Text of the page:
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After a career that spanned more then 40 years, Dave Despain will be calling his final race at the Chili Bowl Nationals in Tulsa, OK.
Despain has hosted a vast array of shows over his career including, Speed Week, Wind Tunnel, Thursday Night Thunder, and Motor Week just to name a few. But his long run in front of the camera will come to an end as he calls the main event at the Chili Bowl, according to racer.com.
Despain grew up in Iowa and had an affinity for motorcycles and joined up with the American Motorcycle Association in the 1960’s. Being the realest that he was, he knew working in the public relations department of the AMA was far more plausible than trying to keep up with Gene Romero, the top motorcycle racer of the time.
Despain fell into his TV gig simply by being at a race, enjoying his love for motorcycles.
“It was 1975 and we were at Daytona for the AMA races when ABC’s Wide World of Sports showed up to cover the Daytona 200,” Despain recalled as reported by Racer. “They didn’t have an analyst, so my boss at AMA told them they should hire me because I had a lot of electronic media experience.”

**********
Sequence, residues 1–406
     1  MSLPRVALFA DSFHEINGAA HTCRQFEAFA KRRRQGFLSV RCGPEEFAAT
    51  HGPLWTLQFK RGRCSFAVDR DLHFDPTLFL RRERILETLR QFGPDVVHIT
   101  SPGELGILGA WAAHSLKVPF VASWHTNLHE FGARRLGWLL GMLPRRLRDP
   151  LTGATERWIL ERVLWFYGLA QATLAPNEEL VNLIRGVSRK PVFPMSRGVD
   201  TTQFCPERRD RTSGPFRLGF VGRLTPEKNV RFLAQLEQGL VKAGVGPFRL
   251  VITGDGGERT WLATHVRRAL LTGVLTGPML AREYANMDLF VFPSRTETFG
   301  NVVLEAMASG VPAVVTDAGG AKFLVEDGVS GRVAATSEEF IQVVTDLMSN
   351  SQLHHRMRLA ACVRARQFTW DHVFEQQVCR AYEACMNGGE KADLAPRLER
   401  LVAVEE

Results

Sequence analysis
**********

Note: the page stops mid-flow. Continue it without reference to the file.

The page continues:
Little did they know that Despain’s experience in “electronic media’ was nothing more than his work as a disc jockey at his high school radio station. But that opportunity blossomed into the 40-plus year career that will wrap up with the Super Bowl of Midget racing.
His first on-air TV job was calling the Daytona 200 with legendary broadcaster Keith Jackson. Despain said Ken Squier saw his work with Jackson and offered a six-race gig with CBS, which led to Motor Week Illustrated. He spent a fair amount of the ’80’s and ’90’s as a mainstay of TBS and ESPN.
But he really found his calling when he partnered up with the SPEED network to host a Wind Tunnel, which paired him up with guests. the show featured a little something for everyone, but was heavily filled with stock car material. The ongoing inside joke at SPEED was that Despain was constantly accused of showing favoritism to NASCAR, even though he thought NASCAR to be unworthy of the coverage. NASCAR received the coverage it did, because the audience demanded it.
A career that has been nothing short of amazing will come to an end on Saturday in Tulsa and Despain wouldn’t have it any other way.
I’ve been very lucky,” Despain said. “I didn’t have to pay a lot of dues and got to cover a lot of cool people and events.”
“Doing the Chili Bowl one last time is a good way to go out,” added Despain